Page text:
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sschullo

Nea's Endorsement, Aggressive Marketing Of Tsas

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I thought this case was finished couple of years ago.

ERISA is useless in 403b plans. The insurance industry and the NEA are free to rip off their members. I wonder if CTA will now follow suit.

This case was dripping with conficts of interest and NEA pocketing money from the TSA sales. But ERISA cannot moniter these plans because TSAs are not securities. The union knows this, the inusrance industry knows this but very, very few of the members know this. Sure legally, NEA is right, but is this ethical? Is it ethical not to tell the members the fees they are paying for handholding because they are too stupid anyway.

After all of these years of complaining about union deals, nothing changes. Its a sad day for members.

click here

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I thought this case was finished couple of years ago.

ERISA is useless in 403b plans. The insurance industry and the NEA are free to rip off their members. I wonder if CTA will now follow suit.

This case was dripping with conficts of interest and NEA pocketing money from the TSA sales. But ERISA cannot moniter these plans because TSAs are not securities. The union knows this, the inusrance industry knows this but very, very few of the members know this. Sure legally, NEA is right, but is this ethical? Is it ethical not to tell the members the fees they are paying for handholding because they are too stupid anyway.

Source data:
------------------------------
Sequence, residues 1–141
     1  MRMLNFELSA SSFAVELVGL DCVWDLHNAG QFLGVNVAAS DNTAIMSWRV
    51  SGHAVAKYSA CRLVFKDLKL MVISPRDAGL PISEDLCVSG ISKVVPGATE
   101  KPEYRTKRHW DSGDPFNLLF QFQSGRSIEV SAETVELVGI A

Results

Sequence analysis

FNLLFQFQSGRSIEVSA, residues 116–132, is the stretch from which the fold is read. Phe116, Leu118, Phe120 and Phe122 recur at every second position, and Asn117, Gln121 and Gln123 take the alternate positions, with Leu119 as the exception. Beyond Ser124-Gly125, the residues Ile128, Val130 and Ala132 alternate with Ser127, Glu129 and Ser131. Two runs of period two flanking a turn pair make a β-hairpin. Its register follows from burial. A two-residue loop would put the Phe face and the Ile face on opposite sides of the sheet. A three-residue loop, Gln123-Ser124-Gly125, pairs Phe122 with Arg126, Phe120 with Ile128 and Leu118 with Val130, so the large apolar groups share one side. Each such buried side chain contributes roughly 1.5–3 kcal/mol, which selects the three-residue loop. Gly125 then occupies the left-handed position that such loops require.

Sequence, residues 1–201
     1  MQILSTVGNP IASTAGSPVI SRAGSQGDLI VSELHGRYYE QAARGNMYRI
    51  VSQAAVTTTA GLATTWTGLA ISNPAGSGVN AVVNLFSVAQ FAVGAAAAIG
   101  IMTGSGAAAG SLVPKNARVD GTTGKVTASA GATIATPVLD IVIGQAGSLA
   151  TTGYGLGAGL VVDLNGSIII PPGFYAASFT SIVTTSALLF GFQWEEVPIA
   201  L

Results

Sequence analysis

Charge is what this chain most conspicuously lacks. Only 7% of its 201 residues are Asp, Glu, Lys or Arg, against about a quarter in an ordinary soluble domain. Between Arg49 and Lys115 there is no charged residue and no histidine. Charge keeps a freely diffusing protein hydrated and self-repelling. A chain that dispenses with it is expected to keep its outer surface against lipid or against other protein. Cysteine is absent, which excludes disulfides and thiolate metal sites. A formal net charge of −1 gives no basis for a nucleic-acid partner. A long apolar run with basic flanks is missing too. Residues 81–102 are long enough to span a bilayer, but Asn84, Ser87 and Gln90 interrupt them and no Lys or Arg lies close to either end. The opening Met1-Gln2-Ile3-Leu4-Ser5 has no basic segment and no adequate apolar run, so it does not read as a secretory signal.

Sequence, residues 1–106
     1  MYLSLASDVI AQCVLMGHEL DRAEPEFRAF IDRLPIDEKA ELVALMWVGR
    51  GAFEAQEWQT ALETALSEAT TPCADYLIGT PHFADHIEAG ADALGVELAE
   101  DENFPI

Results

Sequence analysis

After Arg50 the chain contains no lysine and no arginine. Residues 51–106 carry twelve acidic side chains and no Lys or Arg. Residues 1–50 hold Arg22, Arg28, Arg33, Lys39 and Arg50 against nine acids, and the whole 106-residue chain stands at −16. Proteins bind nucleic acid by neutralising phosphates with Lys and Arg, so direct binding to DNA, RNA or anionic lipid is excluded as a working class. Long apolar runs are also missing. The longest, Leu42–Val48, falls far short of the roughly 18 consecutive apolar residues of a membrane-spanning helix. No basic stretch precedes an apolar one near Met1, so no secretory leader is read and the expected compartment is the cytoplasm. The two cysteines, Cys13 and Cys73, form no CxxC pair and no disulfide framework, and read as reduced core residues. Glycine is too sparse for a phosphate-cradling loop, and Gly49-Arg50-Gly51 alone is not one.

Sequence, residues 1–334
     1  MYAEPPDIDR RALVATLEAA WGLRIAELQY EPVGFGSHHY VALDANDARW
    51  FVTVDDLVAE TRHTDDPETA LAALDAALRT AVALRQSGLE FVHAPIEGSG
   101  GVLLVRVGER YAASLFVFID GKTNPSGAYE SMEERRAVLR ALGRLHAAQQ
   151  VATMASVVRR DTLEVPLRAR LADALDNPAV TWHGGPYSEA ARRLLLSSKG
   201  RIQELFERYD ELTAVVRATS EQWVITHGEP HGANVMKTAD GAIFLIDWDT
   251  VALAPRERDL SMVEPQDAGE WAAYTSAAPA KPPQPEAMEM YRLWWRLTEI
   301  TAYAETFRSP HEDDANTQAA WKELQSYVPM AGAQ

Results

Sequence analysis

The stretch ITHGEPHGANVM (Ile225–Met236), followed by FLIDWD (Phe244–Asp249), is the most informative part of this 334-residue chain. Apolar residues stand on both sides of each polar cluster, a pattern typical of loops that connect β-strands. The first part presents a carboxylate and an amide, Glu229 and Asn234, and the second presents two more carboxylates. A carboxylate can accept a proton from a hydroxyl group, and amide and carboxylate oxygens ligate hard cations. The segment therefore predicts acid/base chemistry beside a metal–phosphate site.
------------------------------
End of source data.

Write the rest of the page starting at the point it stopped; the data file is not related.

After all of these years of complaining about union deals, nothing changes. Its a sad day for members.

click here

 

Read the quotation from the article:

 

"After choosing the insurers, the union (NEA) designed certain annuities with them, negotiating the terms of the annuities, exclusively endorsing the annuities as favorable retirement savings vehicles, and aggressively marketing the annuities to union members. The union also monitored and managed the annuities for its participants. In exchange for the union's role in marketing the annuities, the insurers paid royalties of about $2 million per year to the union, took on the salaries of the union's member benefit corporation, a wholly owned subsidiary of the union, and contributed to the union's charitable foundations. The insurers also received fees from investment companies whose mutual funds were made available through the annuities. The union did not fully disclose to its members the nature or amount of the payments it received from the insurers or the fact that the insurers received payments from the investment companies whose mutual funds were included in the annuities. Instead, the union marketed the annuities as the most favorable retirement option for its members, despite the fact that the annuities charged fees that were as much as ten times those charged on comparable annuity contracts."

 

NEA may have won the lawsuit, but it has egg all over its face.

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